Gingrich’s debate strategy became, of necessity, his campaign strategy. He would not attack his fellow Republican candidates, directing his criticism instead at President Obama and the press. It proved a remarkably effective political gambit. The debate crowds were far more raucously partisan than in the past, a fact that Gingrich immediately sensed, and exploited. “You’ve got these media guys, and behind them are 2,000 right--wingers who are waiting to beat them up.”
Ever the analyst, Gingrich recites the key moments of his comeback, locating them within the long string of debates. The first, and perhaps most important, came in Iowa in August, during an event hosted by Fox News and The Washington Examiner. Gingrich arrived mired deep in the lower tier. When Fox News anchor Bret Baier opened the evening by encouraging the contestants to “put away their talking points” and prepare for a substantive discussion of issues, Gingrich noted Baier’s words and waited. His chance came when Fox’s Chris Wallace asked him, “How do you respond to people who say that your campaign has been a mess so far?”
Gingrich blasted Wallace for “playing Mickey Mouse games,” and the audience roared its approval. (Gingrich notes that he got lucky by getting the question from Wallace, “because he may be the most disliked person on Fox.”)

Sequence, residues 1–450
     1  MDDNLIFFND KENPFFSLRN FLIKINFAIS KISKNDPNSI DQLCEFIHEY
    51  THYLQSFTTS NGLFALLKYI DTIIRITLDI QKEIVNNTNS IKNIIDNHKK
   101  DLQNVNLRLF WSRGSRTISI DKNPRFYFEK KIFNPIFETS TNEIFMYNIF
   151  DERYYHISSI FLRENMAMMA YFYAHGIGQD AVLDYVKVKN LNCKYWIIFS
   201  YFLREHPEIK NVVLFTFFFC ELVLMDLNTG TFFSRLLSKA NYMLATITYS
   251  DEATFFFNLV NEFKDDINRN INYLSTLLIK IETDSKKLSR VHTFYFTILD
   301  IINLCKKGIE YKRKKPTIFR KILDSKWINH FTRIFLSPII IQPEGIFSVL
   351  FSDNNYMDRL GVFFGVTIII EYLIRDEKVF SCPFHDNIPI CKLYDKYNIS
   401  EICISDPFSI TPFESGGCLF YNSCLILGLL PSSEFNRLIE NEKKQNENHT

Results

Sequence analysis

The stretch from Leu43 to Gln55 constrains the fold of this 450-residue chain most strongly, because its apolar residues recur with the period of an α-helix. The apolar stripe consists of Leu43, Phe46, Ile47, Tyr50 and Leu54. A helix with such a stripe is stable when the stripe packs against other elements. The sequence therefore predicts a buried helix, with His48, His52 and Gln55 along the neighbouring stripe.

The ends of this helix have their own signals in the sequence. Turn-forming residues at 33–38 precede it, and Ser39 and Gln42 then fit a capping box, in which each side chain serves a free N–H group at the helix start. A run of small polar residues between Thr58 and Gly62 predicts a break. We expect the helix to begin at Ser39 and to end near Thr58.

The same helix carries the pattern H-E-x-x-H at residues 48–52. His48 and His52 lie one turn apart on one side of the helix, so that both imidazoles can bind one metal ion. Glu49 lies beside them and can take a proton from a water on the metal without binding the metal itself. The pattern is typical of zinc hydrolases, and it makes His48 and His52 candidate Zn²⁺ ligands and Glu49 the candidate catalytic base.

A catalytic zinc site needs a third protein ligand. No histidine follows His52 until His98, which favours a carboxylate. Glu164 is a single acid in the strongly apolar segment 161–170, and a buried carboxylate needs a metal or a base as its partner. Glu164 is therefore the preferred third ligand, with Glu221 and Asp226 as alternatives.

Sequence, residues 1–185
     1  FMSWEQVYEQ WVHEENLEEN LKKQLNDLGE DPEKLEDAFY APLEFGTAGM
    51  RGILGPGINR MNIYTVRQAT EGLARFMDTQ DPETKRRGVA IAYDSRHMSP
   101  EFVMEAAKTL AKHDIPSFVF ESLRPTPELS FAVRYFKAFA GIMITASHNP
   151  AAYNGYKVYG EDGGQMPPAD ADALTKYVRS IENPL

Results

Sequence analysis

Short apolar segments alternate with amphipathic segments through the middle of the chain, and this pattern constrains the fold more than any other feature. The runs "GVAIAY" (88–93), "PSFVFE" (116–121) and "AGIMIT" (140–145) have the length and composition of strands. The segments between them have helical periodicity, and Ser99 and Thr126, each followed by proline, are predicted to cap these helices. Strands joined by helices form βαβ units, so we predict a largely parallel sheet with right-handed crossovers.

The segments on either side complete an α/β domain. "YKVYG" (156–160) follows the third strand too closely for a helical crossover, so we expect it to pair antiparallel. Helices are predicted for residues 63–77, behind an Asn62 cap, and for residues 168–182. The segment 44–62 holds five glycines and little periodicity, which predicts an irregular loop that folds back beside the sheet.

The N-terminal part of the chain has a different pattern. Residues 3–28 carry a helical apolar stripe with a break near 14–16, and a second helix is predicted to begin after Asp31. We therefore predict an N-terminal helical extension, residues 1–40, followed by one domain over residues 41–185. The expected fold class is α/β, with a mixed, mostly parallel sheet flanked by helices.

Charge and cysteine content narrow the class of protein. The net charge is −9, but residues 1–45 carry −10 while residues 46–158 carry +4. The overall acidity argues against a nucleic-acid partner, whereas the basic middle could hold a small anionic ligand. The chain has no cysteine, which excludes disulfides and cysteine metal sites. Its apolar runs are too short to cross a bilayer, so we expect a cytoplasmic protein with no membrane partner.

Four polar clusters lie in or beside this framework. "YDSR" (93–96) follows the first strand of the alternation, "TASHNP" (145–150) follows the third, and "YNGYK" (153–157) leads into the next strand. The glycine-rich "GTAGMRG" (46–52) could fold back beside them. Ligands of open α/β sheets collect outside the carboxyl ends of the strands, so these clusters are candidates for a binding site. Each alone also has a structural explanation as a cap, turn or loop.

In the Washington meeting with Newsweek, Gingrich asked, “Did you see my speech last night? I think it’s on -C-Span. You really ought to get a copy of it.” In the speech, he said that when the Wright brothers were experimenting with the first airplane, they’d bring extra wood along for repairs, because they knew there would be lots of crashes along the way. That, he says, is how a Gingrich administration would approach an intractable problem like poverty. “So, we’re gonna help the poor?” he asks. “Truth is, we don’t know how to help the poor. We’re gonna experiment and experiment and experiment until we break through.” That may not please the ear of a small--government conservative, but it is the essential Gingrich. “It makes me, in some ways, like the two Roosevelts,” he says.
Gingrich, who is already thinking beyond the presidential election, says that his larger project is the creation of a “new majority,” which will derive partly from the conservative movement, but “will be much bigger.”
“You take brain science, you take personal and Social Security savings accounts, you take offering the poor the opportunity to work and have a paycheck instead of food stamps, you take Lean Six Sigma”—a management-efficiency doctrine, his latest fascination—“and suddenly you have a Gestalt that is in many ways conservative, but in many ways very moderate.”